Posts Tagged ‘low histamine foods’
Vitamin B6 is a cluster of compounds (not just one) that is a co-factor in over 100 biochemical reactions in the body which is why your Vitamin B6 level is important.
Here are just a few of the things that studies show that it does for you:
- Increases diamine oxidase plasma levels.
- Degrading glutamates and MSG.
- Metabolises proteins.
- Reduces oxalate levels
- Inhibits the degranulation of mast-cells.
- Moderates cortisol levels.
- Regulates blood sugar levels and glucose tolerance.
- Converts ALA to DHA.
- Acts as a potent anti-oxidant.
- Synthesises neurotransmitters; serotonin, dopamine, and GABA, and norepinephrine.
- Relieves PMS, dermatitis, mosquito bites, irritability, depression, and short-term memory issues.
I find one of the most widely misunderstood areas with histamine intolerance is how to reintroduce nutritious higher histamine foods. Here are some common misunderstandings and how to reintroduce nutritious higher histamine foods:
Elimination diets are a diagnostic tool not a life sentence. A low histamine elimination diets should only be done for 2 – 4 weeks to confirm a food intolerance. Then the aim is to keep as many nutritious foods in your diet with as high a variety of foods as possible. It is not to only eat only low histamine foods as this is not an allergy it is a threshold issue.
One of my wellness rituals is fresh herb teas and here is how to make medicinal herbal tea (with my top 3 blends).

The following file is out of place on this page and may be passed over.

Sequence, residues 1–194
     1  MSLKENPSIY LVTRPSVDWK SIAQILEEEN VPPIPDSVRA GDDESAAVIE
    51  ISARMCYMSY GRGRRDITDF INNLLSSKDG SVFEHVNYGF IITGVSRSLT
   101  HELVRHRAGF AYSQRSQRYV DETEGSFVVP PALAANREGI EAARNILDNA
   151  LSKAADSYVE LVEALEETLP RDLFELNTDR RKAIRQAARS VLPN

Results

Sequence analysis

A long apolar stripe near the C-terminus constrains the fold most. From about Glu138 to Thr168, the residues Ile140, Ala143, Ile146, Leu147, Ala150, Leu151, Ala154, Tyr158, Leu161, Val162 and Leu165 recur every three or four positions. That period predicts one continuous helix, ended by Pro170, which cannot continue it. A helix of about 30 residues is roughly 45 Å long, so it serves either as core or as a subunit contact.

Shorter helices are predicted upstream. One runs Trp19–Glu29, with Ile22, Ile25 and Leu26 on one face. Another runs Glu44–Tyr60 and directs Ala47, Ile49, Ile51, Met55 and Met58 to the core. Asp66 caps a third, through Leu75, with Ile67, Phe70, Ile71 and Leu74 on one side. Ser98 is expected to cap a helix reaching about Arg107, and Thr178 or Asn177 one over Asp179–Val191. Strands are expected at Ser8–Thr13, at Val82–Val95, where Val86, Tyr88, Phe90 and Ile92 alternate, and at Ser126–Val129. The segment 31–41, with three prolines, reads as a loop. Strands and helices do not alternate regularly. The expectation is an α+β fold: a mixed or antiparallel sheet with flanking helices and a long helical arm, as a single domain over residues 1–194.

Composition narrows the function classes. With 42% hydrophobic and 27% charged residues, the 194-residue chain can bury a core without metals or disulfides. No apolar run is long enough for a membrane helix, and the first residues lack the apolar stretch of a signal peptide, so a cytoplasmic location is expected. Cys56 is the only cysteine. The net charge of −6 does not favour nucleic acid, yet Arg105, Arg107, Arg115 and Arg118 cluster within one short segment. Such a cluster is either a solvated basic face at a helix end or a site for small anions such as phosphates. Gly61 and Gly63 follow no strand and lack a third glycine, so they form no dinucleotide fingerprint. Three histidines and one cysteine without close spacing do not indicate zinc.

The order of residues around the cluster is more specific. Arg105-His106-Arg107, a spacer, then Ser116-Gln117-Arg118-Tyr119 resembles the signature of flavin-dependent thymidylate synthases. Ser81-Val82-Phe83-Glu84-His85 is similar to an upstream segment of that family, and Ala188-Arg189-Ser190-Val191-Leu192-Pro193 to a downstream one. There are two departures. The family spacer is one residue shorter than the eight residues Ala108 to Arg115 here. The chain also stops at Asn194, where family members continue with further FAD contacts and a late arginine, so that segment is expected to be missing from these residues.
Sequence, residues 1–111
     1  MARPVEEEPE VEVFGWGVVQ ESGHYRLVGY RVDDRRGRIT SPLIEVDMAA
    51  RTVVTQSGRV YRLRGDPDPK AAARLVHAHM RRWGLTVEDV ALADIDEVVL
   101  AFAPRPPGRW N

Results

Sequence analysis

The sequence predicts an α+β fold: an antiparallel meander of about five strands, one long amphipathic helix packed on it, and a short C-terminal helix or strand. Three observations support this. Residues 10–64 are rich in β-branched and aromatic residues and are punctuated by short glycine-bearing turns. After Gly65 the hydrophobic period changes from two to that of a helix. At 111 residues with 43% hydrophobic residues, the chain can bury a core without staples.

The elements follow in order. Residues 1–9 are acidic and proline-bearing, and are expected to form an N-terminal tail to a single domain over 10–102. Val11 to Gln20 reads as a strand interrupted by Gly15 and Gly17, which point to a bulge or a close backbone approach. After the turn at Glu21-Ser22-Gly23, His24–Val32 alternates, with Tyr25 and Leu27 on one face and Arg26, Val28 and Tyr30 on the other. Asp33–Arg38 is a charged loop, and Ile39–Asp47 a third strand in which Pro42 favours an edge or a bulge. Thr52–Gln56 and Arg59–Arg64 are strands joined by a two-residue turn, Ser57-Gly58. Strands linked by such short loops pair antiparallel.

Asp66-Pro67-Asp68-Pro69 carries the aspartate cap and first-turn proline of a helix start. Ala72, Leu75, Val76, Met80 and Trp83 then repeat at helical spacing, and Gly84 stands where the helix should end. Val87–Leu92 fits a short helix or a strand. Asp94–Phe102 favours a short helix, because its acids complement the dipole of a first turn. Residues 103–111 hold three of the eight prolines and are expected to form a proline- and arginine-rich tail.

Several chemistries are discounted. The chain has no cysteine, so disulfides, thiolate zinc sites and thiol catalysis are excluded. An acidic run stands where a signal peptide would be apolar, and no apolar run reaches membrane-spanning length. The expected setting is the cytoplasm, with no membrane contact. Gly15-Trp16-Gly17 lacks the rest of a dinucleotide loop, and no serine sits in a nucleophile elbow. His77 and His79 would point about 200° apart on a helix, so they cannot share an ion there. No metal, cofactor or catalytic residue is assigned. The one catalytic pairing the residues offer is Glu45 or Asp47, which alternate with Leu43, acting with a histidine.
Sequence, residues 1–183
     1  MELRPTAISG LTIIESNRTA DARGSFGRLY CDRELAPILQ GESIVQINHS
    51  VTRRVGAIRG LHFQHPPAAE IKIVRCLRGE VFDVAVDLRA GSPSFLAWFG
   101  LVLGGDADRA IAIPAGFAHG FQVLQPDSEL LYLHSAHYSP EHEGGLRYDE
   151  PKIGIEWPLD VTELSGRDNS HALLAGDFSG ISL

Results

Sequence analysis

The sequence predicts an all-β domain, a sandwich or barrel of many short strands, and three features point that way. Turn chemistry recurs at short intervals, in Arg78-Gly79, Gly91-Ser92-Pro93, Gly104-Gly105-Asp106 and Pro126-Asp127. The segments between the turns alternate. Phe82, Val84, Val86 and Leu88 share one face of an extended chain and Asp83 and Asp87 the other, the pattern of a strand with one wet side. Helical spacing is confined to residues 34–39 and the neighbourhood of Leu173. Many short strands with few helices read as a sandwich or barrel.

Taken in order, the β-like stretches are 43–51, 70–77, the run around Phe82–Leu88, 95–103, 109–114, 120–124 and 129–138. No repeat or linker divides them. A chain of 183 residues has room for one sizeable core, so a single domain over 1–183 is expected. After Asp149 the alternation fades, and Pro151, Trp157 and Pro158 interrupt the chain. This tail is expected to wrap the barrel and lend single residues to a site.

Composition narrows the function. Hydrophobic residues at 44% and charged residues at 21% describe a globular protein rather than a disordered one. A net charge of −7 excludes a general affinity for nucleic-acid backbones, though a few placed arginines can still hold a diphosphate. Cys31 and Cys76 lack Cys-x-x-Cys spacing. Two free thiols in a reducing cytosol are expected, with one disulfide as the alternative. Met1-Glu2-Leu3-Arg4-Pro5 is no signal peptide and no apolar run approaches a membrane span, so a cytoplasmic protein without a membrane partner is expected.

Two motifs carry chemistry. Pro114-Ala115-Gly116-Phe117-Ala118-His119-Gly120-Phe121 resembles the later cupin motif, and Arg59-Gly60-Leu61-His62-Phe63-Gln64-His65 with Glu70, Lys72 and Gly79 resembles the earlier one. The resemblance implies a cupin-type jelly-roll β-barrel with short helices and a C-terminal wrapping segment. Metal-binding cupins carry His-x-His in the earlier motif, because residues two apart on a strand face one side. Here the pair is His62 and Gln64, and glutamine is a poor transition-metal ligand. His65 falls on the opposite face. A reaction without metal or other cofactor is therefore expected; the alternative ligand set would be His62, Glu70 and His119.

I also like the ritual. Drunk alone its a moment of meditation. Drunk with friends its hospitality.
My choice of herbal tea is based on the easiest ones to grow myself rather than expensively packaged tea bags. So part of my ritual is going out to the herb garden, and picking herbs, often based on my intuitive feel for what my body needs.
They are so much more delicious, delicate, and nutritious than dried teas. Also consistent with the low histamine mantra of “buy fresh, cook fresh, and eat fresh” fresh herbs are typically better tolerated.
One of the questions I often get asked is which fat is low histamine? There is a lot of confusion around fats, let alone histamine intolerance, such that when you add the two together, then its easy to be really confused. I hope to make this simple.
Contrary to marketing propaganda fat does not make you fat. Instead many fats (but not all) are essential (and must be consumed to be healthy), regulate our cell function (that are mostly comprised of fat), but are mostly pro-inflammatory to varying degrees.